What happens if North Korea’s totalitarian leader is incapacitated or dies? Due to the lack of transparency regarding succession plans in the hermit kingdom, analysts believe Kim Jong Un’s death could “destabilize the region, create a massive refugee flow and force the U.S., South Korea … to react to the upheaval,” reports the Military Times (MT).
However, despite widespread rumors about his health, CNN reports that US intelligence has not confirmed the severity of the North Korea’s dictator’s medical condition and whether he is in grave danger after undergoing a recent surgery. The US continues to closely monitor the situation.
Earlier today, though, the Vice Chairman of the US Joint Chiefs of Staff, John Hyten said he did not believe Kim was incapacitated. US News reported him as saying, “In the intel, I don’t have anything to confirm or deny anything along those lines. So, I assume that Kim Jong Un is still in full control of the (North) Korean nuclear forces and the Korean military forces.”
This could change at any time, sparking concern among strategic planners about the repercussions of Kim becoming incapacitated or dying.
Questions about his health began when Kim missed his grandfather’s 108th birthday celebration on April 15. This is a significant event that cements Kim’s image as belonging to a divine dynasty founded by his grandfather, Kim Il Sung. The current Kim had been seen four days before that at a government meeting.
Without a designated heir there will be “chaos, human suffering, instability,” retired South Korean Lt. Gen. Chun In-Bum, the former head of his nation’s special operations forces, told MT. “It’s bad news for everyone.”
David Maxwell, at the Foundation for Defense of Democracies think tank has two decades of US military service in Asia as a Special Forces officer. He told MT that a U.S. and South Korean military reaction to that upheaval could require an effort that “will make Afghanistan and Iraq pale in comparison.”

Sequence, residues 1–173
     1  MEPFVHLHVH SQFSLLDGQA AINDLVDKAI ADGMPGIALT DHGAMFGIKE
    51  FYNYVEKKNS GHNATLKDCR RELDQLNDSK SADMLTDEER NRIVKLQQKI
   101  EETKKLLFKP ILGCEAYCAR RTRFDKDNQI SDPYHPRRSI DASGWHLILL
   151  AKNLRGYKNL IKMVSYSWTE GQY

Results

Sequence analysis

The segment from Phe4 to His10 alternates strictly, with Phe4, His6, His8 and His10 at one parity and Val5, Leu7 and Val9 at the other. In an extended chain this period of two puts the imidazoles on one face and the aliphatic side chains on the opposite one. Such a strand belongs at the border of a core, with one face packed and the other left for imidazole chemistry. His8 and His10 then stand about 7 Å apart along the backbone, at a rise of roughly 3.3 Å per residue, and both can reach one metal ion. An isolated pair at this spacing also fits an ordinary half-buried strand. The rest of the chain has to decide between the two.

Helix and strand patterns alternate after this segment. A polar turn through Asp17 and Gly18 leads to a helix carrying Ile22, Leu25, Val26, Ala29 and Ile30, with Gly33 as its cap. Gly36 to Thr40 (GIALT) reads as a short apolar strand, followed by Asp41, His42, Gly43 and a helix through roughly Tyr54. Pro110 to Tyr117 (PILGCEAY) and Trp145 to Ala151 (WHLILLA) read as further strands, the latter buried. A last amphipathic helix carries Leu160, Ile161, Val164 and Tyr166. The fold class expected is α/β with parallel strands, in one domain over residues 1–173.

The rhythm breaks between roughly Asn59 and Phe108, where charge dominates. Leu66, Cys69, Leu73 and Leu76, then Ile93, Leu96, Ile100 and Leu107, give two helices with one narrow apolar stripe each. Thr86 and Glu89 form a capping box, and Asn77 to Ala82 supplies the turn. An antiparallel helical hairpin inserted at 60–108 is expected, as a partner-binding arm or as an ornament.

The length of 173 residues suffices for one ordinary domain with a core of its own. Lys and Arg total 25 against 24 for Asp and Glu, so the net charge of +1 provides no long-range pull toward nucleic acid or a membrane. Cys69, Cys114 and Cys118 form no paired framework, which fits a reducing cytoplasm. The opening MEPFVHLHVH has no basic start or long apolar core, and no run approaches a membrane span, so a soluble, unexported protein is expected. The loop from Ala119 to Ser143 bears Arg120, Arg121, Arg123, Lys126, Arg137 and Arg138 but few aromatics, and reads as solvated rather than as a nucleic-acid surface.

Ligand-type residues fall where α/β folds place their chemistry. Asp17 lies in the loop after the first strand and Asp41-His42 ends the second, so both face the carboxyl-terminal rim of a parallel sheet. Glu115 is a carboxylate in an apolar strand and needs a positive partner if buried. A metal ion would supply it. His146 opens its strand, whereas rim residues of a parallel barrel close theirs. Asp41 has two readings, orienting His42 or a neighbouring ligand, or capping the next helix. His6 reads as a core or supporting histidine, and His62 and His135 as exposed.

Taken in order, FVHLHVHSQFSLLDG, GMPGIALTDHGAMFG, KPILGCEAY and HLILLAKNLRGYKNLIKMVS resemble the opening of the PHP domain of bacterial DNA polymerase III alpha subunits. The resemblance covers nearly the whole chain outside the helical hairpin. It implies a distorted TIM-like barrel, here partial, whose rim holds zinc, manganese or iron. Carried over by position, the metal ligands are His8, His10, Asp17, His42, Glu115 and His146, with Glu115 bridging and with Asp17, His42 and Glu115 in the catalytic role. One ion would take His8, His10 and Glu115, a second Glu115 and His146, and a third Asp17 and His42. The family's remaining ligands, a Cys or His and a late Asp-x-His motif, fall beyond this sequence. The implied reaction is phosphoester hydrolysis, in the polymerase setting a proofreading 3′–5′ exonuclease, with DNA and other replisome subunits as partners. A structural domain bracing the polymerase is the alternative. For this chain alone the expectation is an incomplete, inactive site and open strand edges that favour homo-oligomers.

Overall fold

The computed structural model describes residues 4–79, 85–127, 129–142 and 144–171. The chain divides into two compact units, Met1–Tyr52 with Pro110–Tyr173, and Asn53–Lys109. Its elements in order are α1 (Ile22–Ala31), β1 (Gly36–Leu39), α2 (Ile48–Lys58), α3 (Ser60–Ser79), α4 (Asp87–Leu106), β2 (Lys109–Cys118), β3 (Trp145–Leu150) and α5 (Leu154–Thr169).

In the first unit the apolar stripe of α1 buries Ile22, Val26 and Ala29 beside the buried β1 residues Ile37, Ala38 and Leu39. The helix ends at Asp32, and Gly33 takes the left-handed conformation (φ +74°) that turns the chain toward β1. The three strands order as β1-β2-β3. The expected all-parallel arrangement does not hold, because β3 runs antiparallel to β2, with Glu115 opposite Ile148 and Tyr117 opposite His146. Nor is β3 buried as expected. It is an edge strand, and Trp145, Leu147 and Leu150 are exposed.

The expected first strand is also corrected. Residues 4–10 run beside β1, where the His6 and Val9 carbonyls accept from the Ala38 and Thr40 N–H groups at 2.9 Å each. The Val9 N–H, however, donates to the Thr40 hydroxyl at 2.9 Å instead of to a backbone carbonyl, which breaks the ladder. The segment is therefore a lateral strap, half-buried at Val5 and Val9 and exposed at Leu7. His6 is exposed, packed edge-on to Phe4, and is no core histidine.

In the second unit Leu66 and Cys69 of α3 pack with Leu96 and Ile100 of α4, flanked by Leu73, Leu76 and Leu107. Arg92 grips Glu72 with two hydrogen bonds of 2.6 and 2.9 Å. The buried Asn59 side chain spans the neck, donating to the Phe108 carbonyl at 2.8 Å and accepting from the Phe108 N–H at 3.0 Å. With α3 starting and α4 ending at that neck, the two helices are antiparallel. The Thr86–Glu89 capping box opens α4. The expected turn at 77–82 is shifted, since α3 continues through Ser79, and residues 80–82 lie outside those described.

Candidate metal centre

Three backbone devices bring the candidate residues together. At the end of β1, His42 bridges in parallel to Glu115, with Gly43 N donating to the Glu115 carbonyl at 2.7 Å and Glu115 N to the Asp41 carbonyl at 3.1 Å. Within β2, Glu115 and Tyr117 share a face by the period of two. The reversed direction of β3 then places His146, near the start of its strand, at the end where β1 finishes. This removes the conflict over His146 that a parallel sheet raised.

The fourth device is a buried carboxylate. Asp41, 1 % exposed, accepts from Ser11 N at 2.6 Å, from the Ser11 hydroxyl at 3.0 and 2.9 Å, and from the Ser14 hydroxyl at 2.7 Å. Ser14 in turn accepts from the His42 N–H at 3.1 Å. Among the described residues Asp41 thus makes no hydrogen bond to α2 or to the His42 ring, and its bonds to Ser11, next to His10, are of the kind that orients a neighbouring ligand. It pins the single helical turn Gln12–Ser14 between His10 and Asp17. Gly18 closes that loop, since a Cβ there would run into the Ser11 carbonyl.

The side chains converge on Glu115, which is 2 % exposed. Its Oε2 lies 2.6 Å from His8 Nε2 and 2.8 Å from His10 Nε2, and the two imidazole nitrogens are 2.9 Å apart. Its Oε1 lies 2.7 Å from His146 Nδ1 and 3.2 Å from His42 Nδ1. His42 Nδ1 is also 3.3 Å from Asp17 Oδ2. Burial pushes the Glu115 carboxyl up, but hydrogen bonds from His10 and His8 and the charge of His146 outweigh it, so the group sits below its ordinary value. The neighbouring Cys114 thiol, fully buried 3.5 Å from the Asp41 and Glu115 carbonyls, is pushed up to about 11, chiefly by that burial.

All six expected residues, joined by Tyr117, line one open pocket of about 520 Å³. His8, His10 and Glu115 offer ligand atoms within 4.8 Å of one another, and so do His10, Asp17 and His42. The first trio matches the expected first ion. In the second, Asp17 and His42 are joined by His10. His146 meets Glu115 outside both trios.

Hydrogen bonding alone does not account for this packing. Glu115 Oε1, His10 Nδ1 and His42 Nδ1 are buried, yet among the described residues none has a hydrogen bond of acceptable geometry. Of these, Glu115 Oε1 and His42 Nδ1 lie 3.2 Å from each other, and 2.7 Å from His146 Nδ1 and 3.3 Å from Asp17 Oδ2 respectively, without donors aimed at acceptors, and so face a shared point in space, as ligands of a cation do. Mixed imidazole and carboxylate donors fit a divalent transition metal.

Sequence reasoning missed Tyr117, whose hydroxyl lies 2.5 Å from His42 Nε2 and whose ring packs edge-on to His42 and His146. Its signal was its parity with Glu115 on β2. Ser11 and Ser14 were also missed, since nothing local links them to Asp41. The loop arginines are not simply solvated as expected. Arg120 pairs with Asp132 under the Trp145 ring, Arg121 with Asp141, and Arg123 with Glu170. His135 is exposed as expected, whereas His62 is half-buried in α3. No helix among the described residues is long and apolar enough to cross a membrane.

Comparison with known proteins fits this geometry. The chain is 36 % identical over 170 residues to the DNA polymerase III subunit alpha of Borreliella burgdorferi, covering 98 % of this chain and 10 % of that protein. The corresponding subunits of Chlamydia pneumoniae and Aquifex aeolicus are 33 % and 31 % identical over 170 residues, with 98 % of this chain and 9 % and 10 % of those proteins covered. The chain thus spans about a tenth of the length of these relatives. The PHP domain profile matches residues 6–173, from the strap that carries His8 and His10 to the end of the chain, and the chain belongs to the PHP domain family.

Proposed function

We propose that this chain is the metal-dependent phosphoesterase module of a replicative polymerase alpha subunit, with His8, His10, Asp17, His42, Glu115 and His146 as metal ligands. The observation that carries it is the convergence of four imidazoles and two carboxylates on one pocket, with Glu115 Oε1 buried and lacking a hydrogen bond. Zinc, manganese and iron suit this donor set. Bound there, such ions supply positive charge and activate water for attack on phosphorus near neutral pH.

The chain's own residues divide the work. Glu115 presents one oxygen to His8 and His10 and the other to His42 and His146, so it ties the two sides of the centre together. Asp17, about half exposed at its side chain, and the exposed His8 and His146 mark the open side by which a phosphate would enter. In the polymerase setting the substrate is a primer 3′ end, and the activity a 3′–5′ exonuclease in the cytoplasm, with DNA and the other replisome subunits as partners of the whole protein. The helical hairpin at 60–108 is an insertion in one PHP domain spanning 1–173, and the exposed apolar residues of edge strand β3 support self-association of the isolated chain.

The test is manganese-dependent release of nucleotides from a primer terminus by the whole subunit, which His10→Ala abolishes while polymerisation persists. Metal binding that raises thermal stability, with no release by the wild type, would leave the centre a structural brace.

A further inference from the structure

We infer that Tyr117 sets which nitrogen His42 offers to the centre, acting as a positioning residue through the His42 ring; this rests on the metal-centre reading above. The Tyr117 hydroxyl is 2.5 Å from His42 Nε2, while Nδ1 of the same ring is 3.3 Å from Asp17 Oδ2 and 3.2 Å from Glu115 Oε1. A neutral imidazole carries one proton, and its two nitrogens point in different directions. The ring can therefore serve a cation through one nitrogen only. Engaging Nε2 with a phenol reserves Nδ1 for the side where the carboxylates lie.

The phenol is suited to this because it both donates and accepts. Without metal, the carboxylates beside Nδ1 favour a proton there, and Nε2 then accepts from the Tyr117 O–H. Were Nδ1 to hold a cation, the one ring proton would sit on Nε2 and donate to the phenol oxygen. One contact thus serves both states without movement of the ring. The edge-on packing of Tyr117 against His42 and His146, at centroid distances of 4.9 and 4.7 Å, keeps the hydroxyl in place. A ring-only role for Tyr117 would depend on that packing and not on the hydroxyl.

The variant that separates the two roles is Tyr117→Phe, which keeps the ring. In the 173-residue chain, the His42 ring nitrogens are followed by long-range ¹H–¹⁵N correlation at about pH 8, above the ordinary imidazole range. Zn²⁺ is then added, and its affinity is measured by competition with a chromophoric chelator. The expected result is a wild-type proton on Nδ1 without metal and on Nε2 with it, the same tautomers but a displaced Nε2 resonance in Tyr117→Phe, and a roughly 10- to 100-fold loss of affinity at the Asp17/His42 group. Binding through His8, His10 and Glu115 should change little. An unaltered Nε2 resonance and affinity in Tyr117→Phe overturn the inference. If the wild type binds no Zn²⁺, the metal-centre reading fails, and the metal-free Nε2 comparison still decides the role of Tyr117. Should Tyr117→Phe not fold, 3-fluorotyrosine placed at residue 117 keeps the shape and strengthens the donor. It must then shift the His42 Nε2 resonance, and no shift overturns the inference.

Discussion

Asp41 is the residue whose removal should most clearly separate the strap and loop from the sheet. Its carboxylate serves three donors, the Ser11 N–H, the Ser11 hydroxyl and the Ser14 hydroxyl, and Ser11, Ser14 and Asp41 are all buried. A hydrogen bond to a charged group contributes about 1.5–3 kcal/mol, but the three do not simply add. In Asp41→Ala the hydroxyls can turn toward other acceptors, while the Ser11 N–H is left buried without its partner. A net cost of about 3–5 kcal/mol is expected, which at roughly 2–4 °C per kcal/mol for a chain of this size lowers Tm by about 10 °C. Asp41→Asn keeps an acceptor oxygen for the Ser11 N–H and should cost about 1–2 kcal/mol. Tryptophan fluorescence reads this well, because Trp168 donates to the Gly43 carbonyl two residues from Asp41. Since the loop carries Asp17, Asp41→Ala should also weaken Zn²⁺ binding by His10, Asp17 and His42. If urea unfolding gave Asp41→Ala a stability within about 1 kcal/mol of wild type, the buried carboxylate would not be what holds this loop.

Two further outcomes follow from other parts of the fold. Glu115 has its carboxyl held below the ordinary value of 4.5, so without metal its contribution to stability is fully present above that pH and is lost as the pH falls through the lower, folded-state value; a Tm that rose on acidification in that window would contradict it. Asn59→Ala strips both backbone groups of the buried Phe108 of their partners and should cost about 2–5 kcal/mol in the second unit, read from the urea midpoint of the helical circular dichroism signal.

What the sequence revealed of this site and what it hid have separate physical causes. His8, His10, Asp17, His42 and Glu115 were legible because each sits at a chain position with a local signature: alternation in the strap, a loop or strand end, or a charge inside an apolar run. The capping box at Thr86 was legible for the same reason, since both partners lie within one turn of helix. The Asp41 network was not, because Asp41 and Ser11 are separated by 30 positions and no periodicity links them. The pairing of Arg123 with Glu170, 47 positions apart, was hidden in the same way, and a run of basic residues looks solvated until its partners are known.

No clear successor could lead to a regime collapse, said Maxwell, with the Kim regime and the Workers Party of Korea unable to govern the north or maintain military cohesion and support.
South Korea, China, and Japan (via boat) are going to have to deal with potential large-scale refugee flows,” he said. “Units of the North Korean People’s Army are going to compete for resources and survival. This will lead to internal conflict among units and could escalate to widespread civil war.
However, MT emphasizes that “even such internal strife won’t hinder the North’s animus toward the outside or its willingness to fight if they feel it is warranted.”
Lastly the ROK/US alliance is going to have to be prepared to secure and render safe the entire WMD [Weapons of Mass Destruction] program, nuclear, chemical, biological weapons and stockpiles, manufacturing facilities, and human infrastructure (scientists and technicians). This is a contingency operation that will make Afghanistan and Iraq pale in comparison.
The U.S. won’t be able to tackle this crisis alone. The U.S./South Korean alliance “has contingency plans for this,” but those plans have been “too long-neglected,” said Maxwell, adding that “the cancellation of many high-level training exercises hasn’t helped.”
While rumors of Kim’s death have prematurely circulated in years past, and this may yet prove similar, it is clearly time to update all these contingency plans. Without a viable designated heir in North Korea, this frightening scenario will continue to loom as a highly dangerous possibility.